Complex: In my campaigns there is always a smith or some sort of metalcrafter who buys scrap metal in bulk based on the weight to re-purpose the metal.  Such has making nails, iron spikes, horseshoes, any number of simple metal objects that apprentices can practice their trade on.  The price of course varies, but generally I give the price in copper (I use a silver system, if you use a gold system I would suggest using silver).  It's not a lot, but I run a low-level grind campaign where a few coppers can make a difference.  If you run a high fantasy game where gold pours out a unicorn's ass, then this approach will not work for your game.  But in general, most merchants won't touch the stuff, no profit in it.  That is unless you have a war raging, then even the crap stuff because a viable option for under equipped soldiers. 

Average Loot
The party finds an armory of a bandit baron.  They have a nice collection of armor and weapons in relatively good condition stockpiled.  Or the party removes the bandits need to breath.  Standard quality stuff.  Basic, no frills. 

Simple: If the equipment hasn't seen action or much action I  start at the 50% mark.  If the armor and weapons have seen action then I'd use a 40% starting point.  

Complex: I use the percents above, but outside influences affecting pricing.  If there is a war on, then pricing rises.  Merchants may sponsor adventurers so they can get first dibs on the loot.  An iron ore mine could have collapsed or taken over by murderous bugbears.  This would cause the prices to go up.  A 15gp short sword could double in price.  Adding outside influences to the economics of a game helps to add a depth to it and players can take advantage of the situation if they play it right.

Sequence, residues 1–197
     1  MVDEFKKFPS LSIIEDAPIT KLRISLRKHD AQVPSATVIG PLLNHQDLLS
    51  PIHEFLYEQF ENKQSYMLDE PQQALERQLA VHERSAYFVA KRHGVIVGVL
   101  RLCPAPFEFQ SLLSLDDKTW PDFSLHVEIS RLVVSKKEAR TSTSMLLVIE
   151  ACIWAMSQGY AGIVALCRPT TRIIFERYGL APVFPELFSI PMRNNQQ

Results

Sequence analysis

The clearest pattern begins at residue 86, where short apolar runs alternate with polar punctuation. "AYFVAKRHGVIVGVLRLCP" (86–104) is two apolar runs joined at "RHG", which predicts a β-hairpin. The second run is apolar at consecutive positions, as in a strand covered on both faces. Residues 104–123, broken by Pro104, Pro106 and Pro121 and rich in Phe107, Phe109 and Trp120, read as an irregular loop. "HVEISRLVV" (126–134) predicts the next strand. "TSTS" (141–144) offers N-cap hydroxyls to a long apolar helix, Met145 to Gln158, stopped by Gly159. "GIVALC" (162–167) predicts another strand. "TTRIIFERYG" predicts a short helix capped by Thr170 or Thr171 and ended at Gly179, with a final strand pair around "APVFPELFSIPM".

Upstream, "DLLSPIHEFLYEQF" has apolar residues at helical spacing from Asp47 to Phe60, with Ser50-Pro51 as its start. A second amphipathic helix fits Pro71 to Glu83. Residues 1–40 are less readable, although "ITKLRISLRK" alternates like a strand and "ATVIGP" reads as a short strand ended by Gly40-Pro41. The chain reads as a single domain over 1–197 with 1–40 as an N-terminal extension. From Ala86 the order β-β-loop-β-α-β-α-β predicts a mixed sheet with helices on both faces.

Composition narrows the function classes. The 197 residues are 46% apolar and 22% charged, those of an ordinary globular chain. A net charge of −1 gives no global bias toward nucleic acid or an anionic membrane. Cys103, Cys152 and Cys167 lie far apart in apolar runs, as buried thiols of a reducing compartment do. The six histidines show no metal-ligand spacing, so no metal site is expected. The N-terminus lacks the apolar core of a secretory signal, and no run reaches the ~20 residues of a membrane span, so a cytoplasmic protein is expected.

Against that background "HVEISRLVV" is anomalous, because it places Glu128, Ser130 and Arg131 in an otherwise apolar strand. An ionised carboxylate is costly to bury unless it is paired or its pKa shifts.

High End Loot
The party is now moved on to murdering innocent anti-paladins and virtuous mercenaries who have spent a little more time and money on what they wear and what the kill with.  These weapons and armor are well taken care of.  They need to no alterations ande ready to be put on sale.  


Simple: Give the party 70% of the list price.


Complex: When you start getting into better quality goods there is often some sort of symbol, etching, something where the weapon came from.  Most crafters have a mark.  It can also signify who owned it before hand.  For example, the mark might be for Abercrombie the Smith, someone who works strictly for Duke Fussy Pants.  Filing of a makers mark can be akin to filing off a serial number on a gun in some towns.  Should the party run into this they will have to sell their goods on the black market.  Most of the time this reduces the value, but with the right connections, a lot of money can be made.  Most merchants are willing to buy this level of merchandise.  They now it will sell and it has the largest profit margin. 

I'll cover magical loot in another post.  And I will also post about the merchants themselves.  How to develop a merchant with a few quick easy steps to give them a depth of what they are like, what they'll buy and so on.  There are different levels of merchants, some that will buy only the highest of quality down to the scrappers who buy the junk metal to repurpose it.